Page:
Is dehydration the solution to our current food production scenario?

Since the past few years, the topic of food wastage across the world has taken a central stage, particularly after setting ‘Reducing Food Waste’ as part of UN’s 2030 Sustainable Development Goals. As far as developed countries are concerned, the effort required is at the Consumption Level as the food wastage at the other levels are being monitored and controlled to a certain extent. So inventions are focused at reducing wastage at home by offering alternate solutions like dehydrators at home that can help preserve food without adding too much cost.

As for developing countries, taking India as an example, the Food and Agriculture Organization (FAO) states that we waste almost 40% of our food. More than half this quantity is lost even before it reaches its consumer due to reasons like lack of cold storage facilities, non-optimized transportation methods and poor accessibility.

For a country that produces so many exotic fruits and vegetables, many of which are not even heard of in other parts of the world, India has a lot to offer both for our domestic market as well as international food lovers. For example, only in recent times has the west figured out about the extremely nutritious fruit – The Jackfruit, a fruit that is prevalent in predominant portions of South Asia. Many such realizations are yet to be made. But unless we can find solution to optimally harness these fruits and deliver it for consumption, we cannot experience the pride that our soil has given us.

Fruits and Vegetables perish within a smaller duration. Understanding this point and working to reverse it has provided some of the best solutions to tackle wastage. The concept of drying is nothing new. It is being done for centuries with raisins, dates and many other fruits that are commonly available in the market today. It is a simple process of removing water from the fruit itself. And there are different approaches towards doing it. This process can be applied to any fruit or vegetable. But this has not been in practice much either due to lack of awareness, lack of facility to do so or lack of the right technology. But that is not the case today. Several new innovative technologies have taken the stage to offer a range of dehydrated fruits and vegetables like Banana, Lady’s finger, Pineapple, Green Chilies, Papaya etc.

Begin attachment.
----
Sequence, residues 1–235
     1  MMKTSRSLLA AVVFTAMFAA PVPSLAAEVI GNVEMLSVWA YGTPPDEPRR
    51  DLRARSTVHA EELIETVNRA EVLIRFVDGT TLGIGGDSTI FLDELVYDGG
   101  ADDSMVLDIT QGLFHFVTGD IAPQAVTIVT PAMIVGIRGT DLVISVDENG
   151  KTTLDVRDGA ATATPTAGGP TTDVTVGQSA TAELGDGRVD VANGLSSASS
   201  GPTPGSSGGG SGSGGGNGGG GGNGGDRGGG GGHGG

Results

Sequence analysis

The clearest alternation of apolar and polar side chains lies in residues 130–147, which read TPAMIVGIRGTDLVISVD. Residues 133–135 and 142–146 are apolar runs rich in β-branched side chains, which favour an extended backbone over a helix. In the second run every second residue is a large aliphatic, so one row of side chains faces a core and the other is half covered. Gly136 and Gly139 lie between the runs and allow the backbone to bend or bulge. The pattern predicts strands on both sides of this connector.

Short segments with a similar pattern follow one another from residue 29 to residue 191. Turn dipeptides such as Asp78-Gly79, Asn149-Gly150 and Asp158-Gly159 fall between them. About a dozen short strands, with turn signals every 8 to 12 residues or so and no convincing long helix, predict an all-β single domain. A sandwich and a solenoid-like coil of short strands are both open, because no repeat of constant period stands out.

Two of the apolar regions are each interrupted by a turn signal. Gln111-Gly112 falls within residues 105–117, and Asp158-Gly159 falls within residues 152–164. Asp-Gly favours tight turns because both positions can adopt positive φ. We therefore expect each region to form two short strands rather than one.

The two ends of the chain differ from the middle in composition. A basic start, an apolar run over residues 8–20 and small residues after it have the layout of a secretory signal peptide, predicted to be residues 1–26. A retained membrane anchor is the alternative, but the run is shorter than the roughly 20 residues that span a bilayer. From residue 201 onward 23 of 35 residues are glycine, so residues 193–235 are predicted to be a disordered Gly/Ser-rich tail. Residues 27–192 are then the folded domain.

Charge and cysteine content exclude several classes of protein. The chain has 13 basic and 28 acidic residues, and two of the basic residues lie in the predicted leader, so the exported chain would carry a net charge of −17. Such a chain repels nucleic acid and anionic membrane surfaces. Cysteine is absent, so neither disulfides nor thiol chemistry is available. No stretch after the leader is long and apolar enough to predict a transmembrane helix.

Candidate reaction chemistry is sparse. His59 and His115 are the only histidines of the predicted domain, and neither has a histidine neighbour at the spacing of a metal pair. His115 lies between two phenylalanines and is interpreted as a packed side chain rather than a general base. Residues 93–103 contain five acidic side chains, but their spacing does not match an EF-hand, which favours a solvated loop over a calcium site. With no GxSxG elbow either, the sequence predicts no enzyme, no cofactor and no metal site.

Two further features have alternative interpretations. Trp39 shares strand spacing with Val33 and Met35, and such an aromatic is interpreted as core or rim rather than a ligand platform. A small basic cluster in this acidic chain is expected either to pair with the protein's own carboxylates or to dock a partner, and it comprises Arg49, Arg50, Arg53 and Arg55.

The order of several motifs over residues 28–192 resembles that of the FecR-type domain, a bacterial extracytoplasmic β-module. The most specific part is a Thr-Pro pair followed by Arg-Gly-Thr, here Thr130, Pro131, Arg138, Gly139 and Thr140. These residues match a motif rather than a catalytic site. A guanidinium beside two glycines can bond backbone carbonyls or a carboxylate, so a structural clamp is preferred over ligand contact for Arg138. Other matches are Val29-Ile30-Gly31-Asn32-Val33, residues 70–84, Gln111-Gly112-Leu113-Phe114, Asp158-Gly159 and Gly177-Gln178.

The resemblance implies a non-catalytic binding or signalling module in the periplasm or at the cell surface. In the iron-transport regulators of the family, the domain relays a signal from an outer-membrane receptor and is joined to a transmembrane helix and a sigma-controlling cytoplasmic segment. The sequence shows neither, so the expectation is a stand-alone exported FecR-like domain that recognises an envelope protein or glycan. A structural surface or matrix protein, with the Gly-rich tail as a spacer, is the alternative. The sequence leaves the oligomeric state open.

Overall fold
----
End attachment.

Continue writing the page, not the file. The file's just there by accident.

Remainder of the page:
Some of the existing technologies include, the traditional sun drying, solar dehydration, vacuum drying, freeze drying etc. While the first two processes depend on the heat of sun, the other processes have been developed to function at room temperatures and below. The differences in the resulting products are in terms of hygiene, nutrition retention and the final taste of the product. In most cases, sugar or additives is not required to enhance the taste.

Taking the process one step further is providing the same fruits and vegetables with some added natural flavors like honey with banana and chilly masala with guava to make the experience of eating the fruit more enjoyable.

At the governmental level, in India, they are trying their best to make people manufacture such products. But the manufacturers still seek the export markets for their products. One of the reasons is that the west has already been introduced to this concept and hence, well aware of the benefits and know to make the best use of it. For Indians, it is still a fairly fresh concept. How many of us have actually seen dried banana or papaya at your local markets that does not have unnecessary additives or sugar and still fits into the price range of the middle class.

Many emerging companies are trying to bridge this gap expecting our people to try it, experience the blast of flavors and understand the actual benefits of brining this segment of food into their everyday intake. With the current lifestyle of people leaning more towards health consciousness, this will be the biggest goldmine to dig into. Experience the goodness while trudging ahead with your health goals. Happy eating!!!

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